You might think selling a piece of real estate is a simple tax situation, but you would be wrong. Many considerations need to be thought out. Not the least of which is determining the original basis and the adjusted basis at time of sale. When you know your basis you can determine if there is a gain or loss on sale. If there is a gain you may also have depreciation recapture. The worst thing that can happen though is that inadequate records were kept.
Determining the proper basis is not as easy as looking up the original purchase price. It is not uncommon that investors spend time and money in the acquisition process. You might have travel expenses related to your inspection of the property; you might have hired someone to inspect various properties for you. Many of these due diligence costs must be added to the basis of the property you purchase. When you purchase the property there are also acquisition costs paid, like a title search and recording fees. Loan related fees are not added to the basis of a property.
GAIN OR LOSS ON SALE Continue reading
We often talk about special capital gains treatment for real or personal property we sell. Reality is that real and personal property are not capital assets and don’t fall under these rules. Real property is given favorable gains treatment under section 1231 instead.
Almost from the beginning congress decided that because depreciation can be used to offset ordinary income that special rules should be in place to treat any future gain as ordinary as well. Since the 1960s there have been depreciation recapture rules.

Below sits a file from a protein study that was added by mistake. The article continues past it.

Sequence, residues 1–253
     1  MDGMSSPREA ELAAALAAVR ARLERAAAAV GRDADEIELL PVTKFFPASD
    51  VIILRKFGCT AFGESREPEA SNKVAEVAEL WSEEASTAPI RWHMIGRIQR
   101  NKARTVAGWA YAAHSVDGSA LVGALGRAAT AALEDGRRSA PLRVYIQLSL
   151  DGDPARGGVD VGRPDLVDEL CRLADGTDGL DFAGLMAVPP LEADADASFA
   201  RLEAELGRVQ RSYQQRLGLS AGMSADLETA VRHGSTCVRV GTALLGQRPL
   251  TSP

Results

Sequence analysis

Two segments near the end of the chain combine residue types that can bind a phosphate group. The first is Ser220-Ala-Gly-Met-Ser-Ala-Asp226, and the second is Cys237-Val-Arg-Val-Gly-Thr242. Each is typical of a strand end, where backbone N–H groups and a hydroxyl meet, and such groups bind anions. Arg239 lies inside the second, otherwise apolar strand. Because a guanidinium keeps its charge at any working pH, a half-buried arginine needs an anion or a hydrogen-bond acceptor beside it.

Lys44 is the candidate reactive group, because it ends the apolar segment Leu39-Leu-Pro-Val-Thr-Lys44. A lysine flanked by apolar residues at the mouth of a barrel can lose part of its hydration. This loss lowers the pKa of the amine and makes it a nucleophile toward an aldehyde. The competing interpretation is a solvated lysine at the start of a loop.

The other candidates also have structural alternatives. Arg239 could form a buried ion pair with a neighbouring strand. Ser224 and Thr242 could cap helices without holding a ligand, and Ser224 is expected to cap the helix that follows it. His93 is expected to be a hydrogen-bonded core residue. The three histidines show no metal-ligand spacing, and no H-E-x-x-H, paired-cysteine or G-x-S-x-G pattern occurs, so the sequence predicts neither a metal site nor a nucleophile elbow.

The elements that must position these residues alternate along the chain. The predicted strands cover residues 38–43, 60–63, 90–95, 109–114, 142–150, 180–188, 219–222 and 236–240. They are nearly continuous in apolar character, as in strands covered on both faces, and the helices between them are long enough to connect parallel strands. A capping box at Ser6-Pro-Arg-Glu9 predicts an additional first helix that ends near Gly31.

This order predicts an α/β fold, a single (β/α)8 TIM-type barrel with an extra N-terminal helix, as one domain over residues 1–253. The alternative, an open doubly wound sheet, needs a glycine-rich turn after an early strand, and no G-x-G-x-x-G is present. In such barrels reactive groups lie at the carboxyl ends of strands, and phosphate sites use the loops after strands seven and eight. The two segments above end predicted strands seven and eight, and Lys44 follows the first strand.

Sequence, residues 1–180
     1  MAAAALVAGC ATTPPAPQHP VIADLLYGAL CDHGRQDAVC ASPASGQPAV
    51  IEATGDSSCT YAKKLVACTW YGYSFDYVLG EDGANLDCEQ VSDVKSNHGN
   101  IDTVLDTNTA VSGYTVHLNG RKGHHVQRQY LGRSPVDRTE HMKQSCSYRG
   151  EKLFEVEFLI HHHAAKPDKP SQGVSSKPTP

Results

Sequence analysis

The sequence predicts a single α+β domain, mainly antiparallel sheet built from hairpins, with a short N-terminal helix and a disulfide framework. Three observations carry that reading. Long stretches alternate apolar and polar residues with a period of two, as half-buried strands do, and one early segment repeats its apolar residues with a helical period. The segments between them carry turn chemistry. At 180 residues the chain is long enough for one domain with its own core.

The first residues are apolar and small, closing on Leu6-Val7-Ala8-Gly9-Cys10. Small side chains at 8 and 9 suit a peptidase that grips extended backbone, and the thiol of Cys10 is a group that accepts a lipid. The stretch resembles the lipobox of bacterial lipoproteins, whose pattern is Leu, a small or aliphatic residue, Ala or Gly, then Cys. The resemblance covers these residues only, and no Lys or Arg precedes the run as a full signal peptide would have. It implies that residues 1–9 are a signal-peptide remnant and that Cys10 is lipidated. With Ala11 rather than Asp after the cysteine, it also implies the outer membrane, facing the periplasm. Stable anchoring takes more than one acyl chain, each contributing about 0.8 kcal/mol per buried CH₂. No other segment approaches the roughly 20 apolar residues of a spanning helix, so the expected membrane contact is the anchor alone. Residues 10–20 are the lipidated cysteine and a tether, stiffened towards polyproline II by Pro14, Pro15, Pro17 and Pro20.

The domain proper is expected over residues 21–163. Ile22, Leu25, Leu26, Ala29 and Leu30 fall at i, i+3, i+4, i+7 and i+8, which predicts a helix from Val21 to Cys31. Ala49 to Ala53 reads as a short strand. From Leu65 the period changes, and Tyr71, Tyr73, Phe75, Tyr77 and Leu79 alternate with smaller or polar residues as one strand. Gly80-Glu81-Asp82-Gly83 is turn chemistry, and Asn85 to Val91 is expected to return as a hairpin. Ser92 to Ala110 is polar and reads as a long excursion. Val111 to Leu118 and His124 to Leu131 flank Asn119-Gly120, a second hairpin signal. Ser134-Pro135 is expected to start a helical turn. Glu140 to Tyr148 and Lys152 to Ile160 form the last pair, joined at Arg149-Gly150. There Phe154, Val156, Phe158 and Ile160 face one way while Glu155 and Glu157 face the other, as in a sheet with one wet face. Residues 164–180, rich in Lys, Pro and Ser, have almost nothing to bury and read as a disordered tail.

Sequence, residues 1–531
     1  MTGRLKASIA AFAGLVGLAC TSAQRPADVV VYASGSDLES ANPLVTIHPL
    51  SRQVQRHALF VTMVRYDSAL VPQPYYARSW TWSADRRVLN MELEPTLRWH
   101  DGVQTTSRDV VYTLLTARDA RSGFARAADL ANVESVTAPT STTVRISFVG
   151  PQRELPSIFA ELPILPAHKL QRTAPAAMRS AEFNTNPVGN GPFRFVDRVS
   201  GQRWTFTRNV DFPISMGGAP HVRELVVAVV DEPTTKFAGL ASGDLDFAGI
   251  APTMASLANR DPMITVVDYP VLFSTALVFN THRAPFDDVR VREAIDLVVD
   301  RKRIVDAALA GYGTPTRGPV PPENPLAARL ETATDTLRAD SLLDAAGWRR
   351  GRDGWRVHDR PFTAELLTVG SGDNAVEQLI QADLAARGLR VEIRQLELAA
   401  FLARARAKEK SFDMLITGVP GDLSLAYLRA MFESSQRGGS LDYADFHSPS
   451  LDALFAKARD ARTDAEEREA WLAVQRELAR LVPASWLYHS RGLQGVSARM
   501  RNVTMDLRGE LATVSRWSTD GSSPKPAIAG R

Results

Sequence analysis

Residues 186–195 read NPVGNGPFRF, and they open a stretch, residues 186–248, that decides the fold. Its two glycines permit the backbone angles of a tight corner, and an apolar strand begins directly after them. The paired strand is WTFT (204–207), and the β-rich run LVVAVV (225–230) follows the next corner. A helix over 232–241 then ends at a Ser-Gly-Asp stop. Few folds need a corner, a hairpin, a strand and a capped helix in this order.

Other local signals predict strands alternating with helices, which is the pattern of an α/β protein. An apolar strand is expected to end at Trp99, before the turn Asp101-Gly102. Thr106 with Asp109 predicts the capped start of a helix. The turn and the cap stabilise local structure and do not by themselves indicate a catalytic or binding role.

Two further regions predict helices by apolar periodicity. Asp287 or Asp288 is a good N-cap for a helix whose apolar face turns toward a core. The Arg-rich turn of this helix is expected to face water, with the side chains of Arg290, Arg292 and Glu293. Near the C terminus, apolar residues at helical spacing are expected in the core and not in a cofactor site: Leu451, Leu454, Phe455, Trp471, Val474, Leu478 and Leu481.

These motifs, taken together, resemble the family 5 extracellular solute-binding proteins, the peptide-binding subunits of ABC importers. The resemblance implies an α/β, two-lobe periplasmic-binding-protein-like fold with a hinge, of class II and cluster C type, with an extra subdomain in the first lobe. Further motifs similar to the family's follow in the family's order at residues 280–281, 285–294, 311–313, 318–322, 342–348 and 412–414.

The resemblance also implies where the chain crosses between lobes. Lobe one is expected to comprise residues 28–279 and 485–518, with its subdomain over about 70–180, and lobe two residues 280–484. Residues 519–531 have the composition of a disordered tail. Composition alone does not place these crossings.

What is depreciation recapture?
Depreciation recapture doesn’t add to a taxable gain it’s a method of determining the tax treatment of any gain. Basically depreciation recapture is a method determining how much of any gain should be treated as ordinary income as opposed to getting a special capital gains treatment.
How it works Continue reading
The other day I read about a real life real estate investor who’d been pretty successful, and had decided to step away from the life, and begin their retirement. Sounds good to me. Betcha there’re a lotta folks readin’ this askin’ themselves under their breath, “Where do I sign up?” The article in question was about a guy who’d followed what he’d thought was the tried ‘n true strategy one of his mentors had taught him. Buy property — never EVER get rid of it — refi for more investment cash when prudent and possible — rinse, lather, repeat. It’s not relevant if the agenda was cash flow or capital growth. The ending will be roughly the same.
Though it’s not absolutely necessary, that strategy almost always results in the following relocation for the investor. Between a rock, a hard place, the IRS, and post job existence more analogous to a life sentence than a dream retirement. This presents a thorny problem for those who wish robust second careers requiring much capital, or those for whom after tax cash flow from real estate is paramount to the success of their retirement. Here are some of the details to which you may look forward after following such a rigidly defined investment strategy. Continue reading